In spring of 2011, I first encountered the phrase and definition of User Experience – UX. I supposed it was a branch of usability or user interface. Definitions of UX were simpler then.

User experience (UX) is how a person feels while using your website. That simple. UX professionals referred to themselves as “unicorns.” They got paid 3 to 4 times what a web designer made in a year. Special.

The definition of UX evolved into a hodgepodge of disciplines. It included psychology and user satisfaction and *delight*. It got weird as everyone piled on the UX gravy train. Print designers jobs from magazines and newspapers evaporated. Layoffs and downsizing by droves. Print was dying (or dead). Designers were in bad shape and searched to sell their skills. UX shingles flew up like crazy.

Mind-boggling amalgamated excuse for user experience as a legitimate profession. Absurdity.

Anyone could say they’re a UX professional. No accreditation needed. It’s pseudoscience. I then, despised UX as a corrupt, snake-oil discipline. Eye tracking? Really? UX became a vaporous smokescreen. Insubstantial language or double-speak intended to impress or convince fools. Hand-waving professionals.

The big web change was all about the efficiencies of web marketing and design. Print became old school. The return on marketing investment (ROI) was highest from Internet channels. Electronic-media budgets swung and began outpacing print advertising. A wild commotion in the advertising world began.

Distracted people chased imaginary UX problems.

So, did God tell me to pursue UX as a profession? Yeah. He did. In my heart, I had a spiritual connection to UX. The legitimate concern that *feelings* during site usage made a difference. I wanted to belong to this inspiring, idealistic UX movement. I believed being hospitable, polite, and kind with speed rewarded website owners.

In my mind, UX was empathy.

So in the fall of 2011, unemployed but with a golden parachute, I dove in studying about User Experience. I invented a web-based satisfaction survey based on IBM research. Matthew Rauch and Joe Harris, Sr. were my business partners. When Matt later found employment in Boise, he left. Money talks. But we learned how to make 2k pages load real fast. We built only with modern CSS for graphic elements.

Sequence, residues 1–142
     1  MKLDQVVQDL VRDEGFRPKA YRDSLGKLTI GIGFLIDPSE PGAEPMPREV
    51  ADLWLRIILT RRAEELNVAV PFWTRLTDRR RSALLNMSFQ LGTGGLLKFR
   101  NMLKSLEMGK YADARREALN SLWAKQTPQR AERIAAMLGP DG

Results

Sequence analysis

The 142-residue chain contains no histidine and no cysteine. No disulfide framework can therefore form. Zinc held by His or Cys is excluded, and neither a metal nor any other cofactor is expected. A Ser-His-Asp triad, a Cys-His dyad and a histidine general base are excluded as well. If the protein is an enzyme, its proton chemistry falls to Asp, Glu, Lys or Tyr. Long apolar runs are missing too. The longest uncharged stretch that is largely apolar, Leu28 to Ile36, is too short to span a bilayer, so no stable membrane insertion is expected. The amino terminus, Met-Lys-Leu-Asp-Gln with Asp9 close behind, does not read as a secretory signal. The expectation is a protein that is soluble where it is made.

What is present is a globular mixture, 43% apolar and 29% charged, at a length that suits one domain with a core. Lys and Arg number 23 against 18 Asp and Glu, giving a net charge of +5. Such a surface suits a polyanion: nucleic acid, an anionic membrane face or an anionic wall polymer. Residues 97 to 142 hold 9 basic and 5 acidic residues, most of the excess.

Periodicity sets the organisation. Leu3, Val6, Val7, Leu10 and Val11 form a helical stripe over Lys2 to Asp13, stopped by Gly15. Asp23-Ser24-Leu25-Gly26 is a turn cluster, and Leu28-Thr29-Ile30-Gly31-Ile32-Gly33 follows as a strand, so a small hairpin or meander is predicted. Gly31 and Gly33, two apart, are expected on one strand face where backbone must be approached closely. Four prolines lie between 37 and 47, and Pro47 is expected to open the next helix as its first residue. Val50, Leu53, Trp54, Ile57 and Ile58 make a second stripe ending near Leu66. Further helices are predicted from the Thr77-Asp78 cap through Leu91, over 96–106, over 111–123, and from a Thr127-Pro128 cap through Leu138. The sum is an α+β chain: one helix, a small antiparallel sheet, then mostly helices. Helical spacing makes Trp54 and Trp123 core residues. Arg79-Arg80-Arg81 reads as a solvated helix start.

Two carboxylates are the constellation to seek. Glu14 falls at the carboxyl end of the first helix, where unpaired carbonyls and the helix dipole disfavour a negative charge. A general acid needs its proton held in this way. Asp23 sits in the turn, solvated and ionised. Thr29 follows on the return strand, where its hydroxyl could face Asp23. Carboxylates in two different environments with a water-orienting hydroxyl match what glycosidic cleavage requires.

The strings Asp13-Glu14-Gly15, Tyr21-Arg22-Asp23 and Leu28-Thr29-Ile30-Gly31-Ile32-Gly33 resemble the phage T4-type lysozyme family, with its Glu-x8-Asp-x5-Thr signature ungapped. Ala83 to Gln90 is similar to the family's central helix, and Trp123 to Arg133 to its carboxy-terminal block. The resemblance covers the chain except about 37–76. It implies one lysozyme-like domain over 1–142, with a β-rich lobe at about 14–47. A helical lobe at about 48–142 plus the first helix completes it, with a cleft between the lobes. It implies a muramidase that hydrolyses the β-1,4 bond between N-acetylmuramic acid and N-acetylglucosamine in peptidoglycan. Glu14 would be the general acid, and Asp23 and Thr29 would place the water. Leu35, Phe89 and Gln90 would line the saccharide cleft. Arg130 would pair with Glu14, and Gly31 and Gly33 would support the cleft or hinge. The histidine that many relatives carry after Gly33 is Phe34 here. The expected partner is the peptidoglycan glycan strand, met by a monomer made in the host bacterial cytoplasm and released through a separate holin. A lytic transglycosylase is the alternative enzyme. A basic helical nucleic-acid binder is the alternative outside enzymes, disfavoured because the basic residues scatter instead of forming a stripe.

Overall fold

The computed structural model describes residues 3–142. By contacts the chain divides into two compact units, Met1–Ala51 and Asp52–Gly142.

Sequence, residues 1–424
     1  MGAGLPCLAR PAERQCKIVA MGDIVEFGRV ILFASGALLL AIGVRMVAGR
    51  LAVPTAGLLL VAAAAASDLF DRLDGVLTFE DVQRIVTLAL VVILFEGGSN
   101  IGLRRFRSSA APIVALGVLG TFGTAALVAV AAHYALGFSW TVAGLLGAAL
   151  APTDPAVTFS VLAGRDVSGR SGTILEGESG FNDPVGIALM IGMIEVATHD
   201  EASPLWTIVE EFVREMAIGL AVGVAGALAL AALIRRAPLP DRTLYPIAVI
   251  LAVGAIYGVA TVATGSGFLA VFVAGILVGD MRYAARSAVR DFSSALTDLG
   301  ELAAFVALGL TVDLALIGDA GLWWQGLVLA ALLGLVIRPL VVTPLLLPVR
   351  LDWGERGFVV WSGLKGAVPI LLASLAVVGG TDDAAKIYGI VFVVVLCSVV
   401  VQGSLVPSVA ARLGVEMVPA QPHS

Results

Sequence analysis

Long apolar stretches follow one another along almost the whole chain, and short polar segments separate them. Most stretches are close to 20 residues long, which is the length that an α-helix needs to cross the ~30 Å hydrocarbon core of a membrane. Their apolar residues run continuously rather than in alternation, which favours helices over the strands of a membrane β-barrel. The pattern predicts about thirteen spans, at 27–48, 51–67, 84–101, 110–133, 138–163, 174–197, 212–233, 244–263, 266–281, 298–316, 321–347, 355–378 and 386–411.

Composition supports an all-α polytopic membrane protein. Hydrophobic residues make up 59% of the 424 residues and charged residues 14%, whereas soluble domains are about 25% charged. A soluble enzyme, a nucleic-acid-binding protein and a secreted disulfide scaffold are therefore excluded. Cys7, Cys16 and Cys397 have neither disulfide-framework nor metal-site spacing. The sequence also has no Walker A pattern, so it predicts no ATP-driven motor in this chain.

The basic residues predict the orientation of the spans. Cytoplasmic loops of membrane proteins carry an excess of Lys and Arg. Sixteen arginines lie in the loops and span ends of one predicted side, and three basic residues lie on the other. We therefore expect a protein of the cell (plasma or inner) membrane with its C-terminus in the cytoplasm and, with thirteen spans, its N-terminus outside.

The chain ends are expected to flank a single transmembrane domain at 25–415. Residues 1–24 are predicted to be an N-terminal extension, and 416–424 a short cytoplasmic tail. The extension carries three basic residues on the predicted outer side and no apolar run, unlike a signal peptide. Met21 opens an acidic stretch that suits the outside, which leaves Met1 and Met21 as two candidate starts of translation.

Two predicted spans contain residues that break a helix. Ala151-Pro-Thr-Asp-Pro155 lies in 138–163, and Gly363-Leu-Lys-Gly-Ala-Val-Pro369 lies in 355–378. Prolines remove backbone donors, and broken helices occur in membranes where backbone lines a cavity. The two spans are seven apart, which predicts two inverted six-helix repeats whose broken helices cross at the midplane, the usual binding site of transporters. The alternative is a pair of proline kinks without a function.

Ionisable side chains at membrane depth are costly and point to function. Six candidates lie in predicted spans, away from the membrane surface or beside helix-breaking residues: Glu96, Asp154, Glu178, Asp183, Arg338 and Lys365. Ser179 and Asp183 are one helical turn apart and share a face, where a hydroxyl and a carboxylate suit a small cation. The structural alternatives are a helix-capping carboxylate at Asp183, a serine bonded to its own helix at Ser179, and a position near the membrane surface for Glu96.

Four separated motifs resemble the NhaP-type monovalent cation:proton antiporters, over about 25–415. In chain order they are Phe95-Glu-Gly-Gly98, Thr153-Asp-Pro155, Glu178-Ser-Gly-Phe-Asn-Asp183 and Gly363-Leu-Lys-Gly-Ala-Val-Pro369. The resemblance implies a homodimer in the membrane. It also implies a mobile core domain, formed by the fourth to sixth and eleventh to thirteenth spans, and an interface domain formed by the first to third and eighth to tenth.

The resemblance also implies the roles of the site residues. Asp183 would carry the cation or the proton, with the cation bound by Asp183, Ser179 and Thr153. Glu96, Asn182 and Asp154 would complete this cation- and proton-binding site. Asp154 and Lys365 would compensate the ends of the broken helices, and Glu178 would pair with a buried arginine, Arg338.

Matthew Rauch (L) and Steve Teare (R) powerful? Not really. Their user satisfaction survey product never made a single sale. Learning experience.

No real web entrepreneur wants to buy UX. No professional web designer cared much about satisfaction surveys or UX. It was a dud product. No one knew what UX was good for to make money. I burned about 18 months before giving up. We won $2,000 in a business plan contest – the only money we made. We didn’t lose money. Only time.

I watched an hour-long, boring-conference-speaker talk about user experience. At the very end, the high-paid techgeek started to walk away from the podium. He then turned around and said up close in the mic, “Oh, and if you don’t have speed, you can’t have good UX.” Wow! In less than one minute, he declared the death blow for UX is mediocre speed.

UX is nonexistent without speed?

Website content is still more important than speed. You heard that truism from me – a speed freak.

I already identified speed as the number one barrier to good user experience. Everyone understood the problem with speed. No hour-long explanation needed. If you don’t have it, visitors leave. Simple. Clear. Concise. People hate slow pages. Everyone.

Speed kills UX.

Steve Souders coined the term web performance optimization in 2004. Google pirated him away from Yahoo in 2008. He made it possible to test speed online for free. WebPagetest opened to the people that year (2008). It was later acquired or sponsored by Google in 2014.

Web speed fascinated me for years before the seduction of UX. In 2001, the expectation was webpages should weigh less than 50k. So I was building 25k to 35k experimental pages. I tested how I could decorate them in creative lightweight ways. Pushing the limits.